In its simplest form, goal-setting is the process of working out what you want and creating a plan to achieve it. It is an integral part of your working world whether you’re an entrepreneur working on your business plan, a sales director taking part in a coaching programme or an office worker planning to retrain, and yet many people find it extremely difficult.
Clearer goals bring focus, direction and a sense of purpose. Mindtools sums it up brilliantly when it says “Setting goals gives you long-term vision and short-term motivation”. Goals, in whatever shape or form they take, enable you to:
- Plan for the future
- Feel driven
- Organise your time more effectively
- Separate your wants and needs from those around you
- Become more self-confident (as you see yourself working towards and achieving).
“Begin with the end in mind.” Stephen Covey
Discovery and goal-setting
For those who haven’t delved into Insights Discovery® before, it is the very beginning of the journey to more effective working. Based on the extensive research of Swiss psychologist Carl Jung, the profiling system is a valuable tool that was created to help people understand themselves and those around them. You can read more about the profile here and find a top-level guide to the basics of the model here.
Our own colour mix, and indeed every other individual’s, is underpinned by an extensive list of natural colourful gifts and skills – through the 8-Types for example, a Director tends to be courageous and decisive, whereas an Observer usually employs consistency and organised precision by rote. All of which are useful characteristics. The tendencies of different colour energies and their combinations can also, however, stand us in a more undesirable stead. These aren’t negative, mind you. They aren’t even shortfalls. For every individual who doesn’t enjoy and thinks they fail miserably at timekeeping, there will be another who can teach them how, (and isn’t that the beauty of teamwork?) – the challenge is in the communication gap.
Blockages through the colours
Cool Blue energy champions precision, and decision making is extremely logical and deliberate. With a primary focus of problem-solving, goal-setting can tend to be too focused on being correct. If you spend too long analysing and evaluating, components of the situation will have changed before you are content enough with your plan to act.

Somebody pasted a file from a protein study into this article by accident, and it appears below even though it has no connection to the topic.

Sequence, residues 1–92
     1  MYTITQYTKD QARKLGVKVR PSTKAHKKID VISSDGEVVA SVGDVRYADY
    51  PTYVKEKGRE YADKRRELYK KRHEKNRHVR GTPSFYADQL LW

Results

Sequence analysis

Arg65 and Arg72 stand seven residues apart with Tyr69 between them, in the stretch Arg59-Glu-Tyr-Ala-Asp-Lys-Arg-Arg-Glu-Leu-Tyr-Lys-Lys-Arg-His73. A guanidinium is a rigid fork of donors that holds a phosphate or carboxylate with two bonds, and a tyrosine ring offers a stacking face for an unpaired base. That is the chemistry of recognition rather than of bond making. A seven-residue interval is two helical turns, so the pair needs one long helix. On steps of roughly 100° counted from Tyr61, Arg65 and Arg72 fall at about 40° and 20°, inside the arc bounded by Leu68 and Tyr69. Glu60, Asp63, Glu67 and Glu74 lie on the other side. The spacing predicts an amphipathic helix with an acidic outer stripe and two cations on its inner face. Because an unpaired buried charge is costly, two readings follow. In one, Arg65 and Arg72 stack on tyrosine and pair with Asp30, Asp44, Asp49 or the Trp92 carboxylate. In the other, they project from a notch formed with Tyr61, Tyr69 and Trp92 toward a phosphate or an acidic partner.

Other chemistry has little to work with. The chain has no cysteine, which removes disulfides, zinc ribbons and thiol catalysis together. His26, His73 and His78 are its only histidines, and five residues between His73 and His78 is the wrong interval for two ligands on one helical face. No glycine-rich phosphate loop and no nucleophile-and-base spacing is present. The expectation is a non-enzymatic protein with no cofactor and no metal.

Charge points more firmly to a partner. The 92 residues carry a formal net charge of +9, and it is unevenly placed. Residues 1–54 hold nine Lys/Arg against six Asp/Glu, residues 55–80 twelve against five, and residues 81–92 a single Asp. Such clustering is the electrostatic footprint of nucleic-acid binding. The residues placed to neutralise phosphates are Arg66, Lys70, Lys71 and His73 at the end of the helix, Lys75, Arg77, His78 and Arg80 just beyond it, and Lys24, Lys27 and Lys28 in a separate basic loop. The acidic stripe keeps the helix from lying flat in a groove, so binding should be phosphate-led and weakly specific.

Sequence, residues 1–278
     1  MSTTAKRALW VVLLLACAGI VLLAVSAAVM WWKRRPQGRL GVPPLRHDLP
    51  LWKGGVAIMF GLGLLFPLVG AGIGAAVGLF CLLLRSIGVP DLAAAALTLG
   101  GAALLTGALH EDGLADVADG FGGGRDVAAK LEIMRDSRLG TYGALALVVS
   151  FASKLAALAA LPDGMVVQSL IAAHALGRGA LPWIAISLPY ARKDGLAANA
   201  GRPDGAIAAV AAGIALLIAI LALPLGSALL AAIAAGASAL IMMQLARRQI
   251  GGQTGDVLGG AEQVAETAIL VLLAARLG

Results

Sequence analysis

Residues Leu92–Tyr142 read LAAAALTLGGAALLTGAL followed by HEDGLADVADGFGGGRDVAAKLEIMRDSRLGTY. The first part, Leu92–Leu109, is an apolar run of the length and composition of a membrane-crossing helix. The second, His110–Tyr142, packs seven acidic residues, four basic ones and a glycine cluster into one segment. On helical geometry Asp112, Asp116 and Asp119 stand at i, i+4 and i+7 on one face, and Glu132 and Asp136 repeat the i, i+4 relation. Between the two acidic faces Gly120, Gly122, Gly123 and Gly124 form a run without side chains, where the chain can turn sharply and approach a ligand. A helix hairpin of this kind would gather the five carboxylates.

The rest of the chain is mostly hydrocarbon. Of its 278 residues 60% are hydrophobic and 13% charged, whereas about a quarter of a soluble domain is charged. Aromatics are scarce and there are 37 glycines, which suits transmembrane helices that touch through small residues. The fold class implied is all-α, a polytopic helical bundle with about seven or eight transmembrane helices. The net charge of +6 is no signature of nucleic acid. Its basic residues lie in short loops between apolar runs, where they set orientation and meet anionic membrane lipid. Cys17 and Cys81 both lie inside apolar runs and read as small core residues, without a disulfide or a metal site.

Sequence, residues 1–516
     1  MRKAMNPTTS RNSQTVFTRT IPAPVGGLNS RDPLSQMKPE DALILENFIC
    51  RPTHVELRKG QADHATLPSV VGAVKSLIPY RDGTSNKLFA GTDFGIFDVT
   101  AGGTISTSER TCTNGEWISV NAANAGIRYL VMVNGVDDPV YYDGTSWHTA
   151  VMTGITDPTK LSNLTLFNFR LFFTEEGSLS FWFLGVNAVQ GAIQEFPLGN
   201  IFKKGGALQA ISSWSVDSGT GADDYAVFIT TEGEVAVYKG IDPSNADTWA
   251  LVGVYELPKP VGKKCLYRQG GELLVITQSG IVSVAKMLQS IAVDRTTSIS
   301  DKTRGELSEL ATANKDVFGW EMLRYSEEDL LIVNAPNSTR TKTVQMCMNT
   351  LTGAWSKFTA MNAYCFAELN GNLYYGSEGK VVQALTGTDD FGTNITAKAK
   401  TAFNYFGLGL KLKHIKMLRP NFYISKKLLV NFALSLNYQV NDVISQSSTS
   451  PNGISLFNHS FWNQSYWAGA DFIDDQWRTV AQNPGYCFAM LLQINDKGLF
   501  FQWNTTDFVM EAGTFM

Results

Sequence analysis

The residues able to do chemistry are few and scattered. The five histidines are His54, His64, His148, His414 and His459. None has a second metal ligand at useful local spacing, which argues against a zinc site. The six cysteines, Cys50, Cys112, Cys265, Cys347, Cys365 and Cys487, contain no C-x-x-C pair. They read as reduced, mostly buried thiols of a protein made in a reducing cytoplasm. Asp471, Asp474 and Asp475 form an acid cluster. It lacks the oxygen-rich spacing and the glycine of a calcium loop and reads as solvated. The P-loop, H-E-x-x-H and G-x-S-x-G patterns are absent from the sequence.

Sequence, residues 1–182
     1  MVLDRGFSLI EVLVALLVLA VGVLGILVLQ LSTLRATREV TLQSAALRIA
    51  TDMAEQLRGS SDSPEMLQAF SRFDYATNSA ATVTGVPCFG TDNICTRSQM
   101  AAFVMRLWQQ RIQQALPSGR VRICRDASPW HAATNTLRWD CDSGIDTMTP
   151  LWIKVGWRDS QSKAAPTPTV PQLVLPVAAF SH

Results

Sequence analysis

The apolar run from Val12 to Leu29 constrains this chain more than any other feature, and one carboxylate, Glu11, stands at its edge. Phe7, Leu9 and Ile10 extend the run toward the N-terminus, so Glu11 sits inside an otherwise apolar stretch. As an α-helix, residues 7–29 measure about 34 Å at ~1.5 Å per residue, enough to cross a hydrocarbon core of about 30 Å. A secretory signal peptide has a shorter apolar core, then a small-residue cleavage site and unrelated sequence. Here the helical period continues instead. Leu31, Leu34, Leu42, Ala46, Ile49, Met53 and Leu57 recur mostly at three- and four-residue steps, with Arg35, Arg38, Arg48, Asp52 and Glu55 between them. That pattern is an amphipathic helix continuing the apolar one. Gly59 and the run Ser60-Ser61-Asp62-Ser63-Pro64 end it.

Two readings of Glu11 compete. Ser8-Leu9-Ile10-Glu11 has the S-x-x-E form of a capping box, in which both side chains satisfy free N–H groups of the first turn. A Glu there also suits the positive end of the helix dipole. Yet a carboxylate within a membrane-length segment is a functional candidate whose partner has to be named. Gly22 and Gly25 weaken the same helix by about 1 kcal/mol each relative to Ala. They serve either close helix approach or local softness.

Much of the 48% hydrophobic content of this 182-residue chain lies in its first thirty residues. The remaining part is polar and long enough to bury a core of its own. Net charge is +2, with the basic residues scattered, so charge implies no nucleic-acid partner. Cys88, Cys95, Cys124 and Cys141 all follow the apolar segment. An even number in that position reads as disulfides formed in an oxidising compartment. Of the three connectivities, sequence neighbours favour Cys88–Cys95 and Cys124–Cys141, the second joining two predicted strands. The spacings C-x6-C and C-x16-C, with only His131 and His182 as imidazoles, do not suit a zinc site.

Action point: practise taking action early and modifying your plan in light of feedback.
Earth Green likes to consider all options and maintain a level of balance in decision-making. Change in itself can feel difficult, and goals set may not be as challenging as they could be to avoid the hypothetical upset of others.
Action point: you aren’t responsible for everyone else and you can’t see into the future. Follow your convictions.
Sunshine Yellow’s enthusiasm shines through when they have many projects on the go at once. Spontaneity and idea-charged conversation is top of their list. Too many jobs, however, stretches you too thin and an inability to let go of any of those passionate notions means you can’t focus on the most important.
Action point: learn to prioritise and make conscious efforts to see things from start to finish – you’ll find your success rate elevates.
Fiery Red is all about results, and fast. They feel at the top of their game when in control, and are so busy doing as such that goal-setting on hard copy can sometimes be at the bottom of the to-do list, after all of their other important plans.
Action point: employ your pragmatism by thinking on paper – it’s powerful, provides focus, and gives you a tangible measurement.
Of course, we are all a mixture of the colour energies and these can ebb and flow on a day to day basis. All four of the above action points will resonate at one point or another, but it’s likely your usual colour mix will be headed up by a dominant colour energy. By recognising yours and others’ tendencies you can learn how to leverage your skills for more success, as well as theirs. Teamwork and collaboration doesn’t simply describe 6 people working on a project, rather the pooling and sharing of our behavioural resources to grow and profit in all aspects of our working life.
We can cover the communication gap by upping self-awareness and pooling what we’ve each got to bring to the table. Individual silo-working is a thing of the past.
Read more on socially aware leaders, leading positive change, emotional intelligence, trust, leadership agility and stress